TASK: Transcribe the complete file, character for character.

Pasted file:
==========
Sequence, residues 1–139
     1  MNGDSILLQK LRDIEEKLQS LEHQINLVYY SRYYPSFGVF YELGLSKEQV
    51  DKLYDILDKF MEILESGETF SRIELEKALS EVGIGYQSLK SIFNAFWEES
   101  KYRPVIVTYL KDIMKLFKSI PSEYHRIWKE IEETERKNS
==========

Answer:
Sequence, residues 1–139
     1  MNGDSILLQK LRDIEEKLQS LEHQINLVYY SRYYPSFGVF YELGLSKEQV
    51  DKLYDILDKF MEILESGETF SRIELEKALS EVGIGYQSLK SIFNAFWEES
   101  KYRPVIVTYL KDIMKLFKSI PSEYHRIWKE IEETERKNS